Fair By Design (FBD) and the Institute and Faculty of Actuaries (IFoA) are collaborating on a research project to better understand the causes, extent and impact of the poverty premium in the insurance sector. The final report, to be published later this year, will describe the key problems experienced by low income consumers, and their causes. It will also make recommendations for regulators, policymakers and industry.
Low income households are less likely to have insurance to protect them from financial shocks such as ill health; burglary; or a household appliance breaking down. The cost of purchasing insurance often acts as a barrier. Insurance is often more expensive for low income households for a range of reasons including being seen as higher risks or living in areas seen as higher risk. There is also a link between low income and wider vulnerabilities such as a long term illness and having a disability. This will often increase affordability issues in areas such as income protection, critical illness and health and travel insurance. A a result, people are paying more because they are poor and/or vulnerable. They are also less likely to switch so end up paying a loyalty penalty, and are more likely to pay by more expensive methods. Low income households are also likely to have a reduced capacity to replace or repair uninsured goods or belongings – over 7 million adults in the UK have less than £1,000 in savings. Often they may have no other choice than to use solutions that are more costly in the long run, such as credit.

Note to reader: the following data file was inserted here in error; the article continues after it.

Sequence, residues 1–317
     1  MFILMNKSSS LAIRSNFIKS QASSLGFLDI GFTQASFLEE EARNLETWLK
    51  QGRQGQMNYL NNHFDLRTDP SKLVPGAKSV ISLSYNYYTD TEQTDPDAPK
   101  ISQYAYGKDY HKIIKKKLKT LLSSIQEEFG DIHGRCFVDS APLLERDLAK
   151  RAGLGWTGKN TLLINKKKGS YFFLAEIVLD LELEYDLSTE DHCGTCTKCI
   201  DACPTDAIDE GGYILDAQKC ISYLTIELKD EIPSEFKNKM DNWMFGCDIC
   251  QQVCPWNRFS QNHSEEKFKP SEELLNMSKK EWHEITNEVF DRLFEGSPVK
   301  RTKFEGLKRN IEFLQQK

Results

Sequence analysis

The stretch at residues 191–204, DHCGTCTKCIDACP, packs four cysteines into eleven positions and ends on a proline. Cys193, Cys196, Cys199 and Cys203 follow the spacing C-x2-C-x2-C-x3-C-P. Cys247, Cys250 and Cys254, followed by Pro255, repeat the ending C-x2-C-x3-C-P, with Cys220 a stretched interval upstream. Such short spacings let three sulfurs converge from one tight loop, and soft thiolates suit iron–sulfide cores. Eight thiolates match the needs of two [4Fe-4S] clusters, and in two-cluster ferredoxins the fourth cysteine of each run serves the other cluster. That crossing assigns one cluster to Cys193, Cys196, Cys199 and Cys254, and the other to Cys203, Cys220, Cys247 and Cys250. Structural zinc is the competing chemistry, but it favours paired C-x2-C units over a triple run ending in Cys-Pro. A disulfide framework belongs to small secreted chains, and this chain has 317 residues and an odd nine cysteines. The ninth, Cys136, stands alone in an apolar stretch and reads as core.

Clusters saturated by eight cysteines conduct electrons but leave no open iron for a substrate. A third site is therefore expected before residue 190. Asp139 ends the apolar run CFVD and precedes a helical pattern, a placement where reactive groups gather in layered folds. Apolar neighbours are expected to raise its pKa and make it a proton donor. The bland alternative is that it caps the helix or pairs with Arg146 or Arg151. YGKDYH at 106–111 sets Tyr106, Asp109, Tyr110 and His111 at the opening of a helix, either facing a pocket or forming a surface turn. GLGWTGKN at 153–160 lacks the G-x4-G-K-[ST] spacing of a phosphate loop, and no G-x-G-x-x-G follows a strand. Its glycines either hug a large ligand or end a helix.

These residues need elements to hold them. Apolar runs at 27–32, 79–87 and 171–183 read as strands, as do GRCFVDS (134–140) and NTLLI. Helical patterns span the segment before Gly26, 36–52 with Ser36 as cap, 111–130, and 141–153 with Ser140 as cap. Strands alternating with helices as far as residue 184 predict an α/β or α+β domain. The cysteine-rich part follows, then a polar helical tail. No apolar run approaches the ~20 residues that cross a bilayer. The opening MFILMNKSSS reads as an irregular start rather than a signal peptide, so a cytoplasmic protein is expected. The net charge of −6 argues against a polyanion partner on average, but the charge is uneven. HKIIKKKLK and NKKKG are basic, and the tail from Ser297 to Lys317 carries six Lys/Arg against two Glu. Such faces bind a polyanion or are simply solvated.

This partnership project will identify the causes of the poverty premium within the insurance sector – and the solutions to address it.
Martin Coppack, Director at Fair By Design, said:
“I am excited to be working with the Institute on this worthwhile initiative. Never has there been a more appropriate time to make sure everyone has access to the protection they and their families need. The irony is that those who need protection the most are often the least able to afford it. We have to find a better way.”
Read Faye Alessandrello, Policy Manager at IFoA’s blog here.